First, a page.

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Women in Business Q&A: Kelli List Wells, Executive Director for Global Education and Skills, GE Foundation

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Kelli List Wells

Kelli List Wells is the Executive Director for Global Education and Skills at the GE Foundation in Fairfield, CT. Her portfolio focuses on building education, skills and training initiatives to prepare the next generation for the demands of the workforce and the changing labor economy both nationally and globally.

Wells joined GE in 1995 as an Investment Broker with GE Asset Management. In 1996, she was appointed to Quality where she became a Black Belt in Six Sigma. After her role in Quality she managed International Marketing for GE's Retail Services Division. In 2001 she joined the corporate citizenship team at GE Capital where she held responsibilities around global programs. In 2004, she was appointed to her current role at the GE Foundation. Prior to joining GE, Wells spent 5 years as a licensed financial advisor, holding her Series 7 and Series 63 Investment licenses.

Wells is also a member of various non-profit organizations. She serves on the board of directors for the Bridgeport Public Education Foundation. She has served on the executive board of GE's Volunteer organization in Stamford; President of the Fairfield County Contributions Group; served on the distribution committee of United Way; the board of the Parent Leadership Training Institute; the board of the Connecticut Academy of Education; and member of the Stamford Mayor's council for School Readiness. She led the Stamford Achieves initiative in Stamford, CT that brought the community together to look at and address the Achievement Gap.

Wells studied International Relations and Japanese at the University of Massachusetts Amherst and continued her education at Nanzan University in Nagoya, Japan. She currently lives in Stamford, Connecticut with her husband, Kyle and two children, Cameron and Alysa.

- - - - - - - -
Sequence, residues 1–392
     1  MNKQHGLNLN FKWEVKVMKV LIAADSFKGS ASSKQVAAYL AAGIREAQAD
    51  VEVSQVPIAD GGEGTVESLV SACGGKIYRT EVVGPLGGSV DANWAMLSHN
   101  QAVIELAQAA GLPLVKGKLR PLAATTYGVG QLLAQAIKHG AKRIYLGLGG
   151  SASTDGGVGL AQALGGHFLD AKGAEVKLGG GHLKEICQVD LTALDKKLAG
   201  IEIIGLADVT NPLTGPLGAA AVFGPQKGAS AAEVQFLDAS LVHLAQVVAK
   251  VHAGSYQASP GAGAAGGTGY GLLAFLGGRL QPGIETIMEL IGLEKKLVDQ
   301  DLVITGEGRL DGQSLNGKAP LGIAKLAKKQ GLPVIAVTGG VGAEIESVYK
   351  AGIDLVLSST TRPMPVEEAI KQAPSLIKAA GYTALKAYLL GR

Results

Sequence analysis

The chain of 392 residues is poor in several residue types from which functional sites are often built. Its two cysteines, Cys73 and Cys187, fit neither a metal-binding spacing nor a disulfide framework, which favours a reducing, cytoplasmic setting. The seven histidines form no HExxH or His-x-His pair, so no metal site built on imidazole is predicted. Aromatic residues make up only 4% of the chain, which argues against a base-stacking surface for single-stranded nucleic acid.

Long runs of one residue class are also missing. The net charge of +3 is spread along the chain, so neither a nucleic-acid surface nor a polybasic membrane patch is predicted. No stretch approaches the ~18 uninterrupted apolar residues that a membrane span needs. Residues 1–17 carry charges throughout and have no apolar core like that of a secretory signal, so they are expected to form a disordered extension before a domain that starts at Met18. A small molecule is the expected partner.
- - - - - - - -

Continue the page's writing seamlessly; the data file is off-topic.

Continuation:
How has your life experience made you the leader you are today?
When I was growing up, my parents taught me the importance of giving back, so I've always been passionate about doing what I can to create access and equity for people, especially children. Equally important is the travel I have done and the travel opportunities I have given my children. We have visited some of the poorest countries in the world. Helping to build a house, cleaning a yard or bringing clothing to children who have none - these are the things that have shaped my life and that of my family. I believe that a leader can bring passion to her work and passion is contagious. I think a leader can encourage others to care about access and equity if she has seen it lacking.

Throughout my 20 years at GE in particular, I've had experience in a lot of different areas: asset management, quality, international marketing and, eventually, corporate citizenship. Having the opportunity to touch so many diverse areas of the business really shaped who I am as a leader. As I moved between roles, I learned the importance of being able to adapt and having a willingness--and eagerness--to take on new challenges. This is particularly important in today's environment, where industries companies are undergoing total transformation. As a leader, you have to keep up with and stay ahead of these changes. My own career has taught me how to do this, namely by being agile and embracing challenges. This is a fundamental part of who I am as a person, and as a leader today.

How has your previous employment experience aided your tenure at the GE Foundation?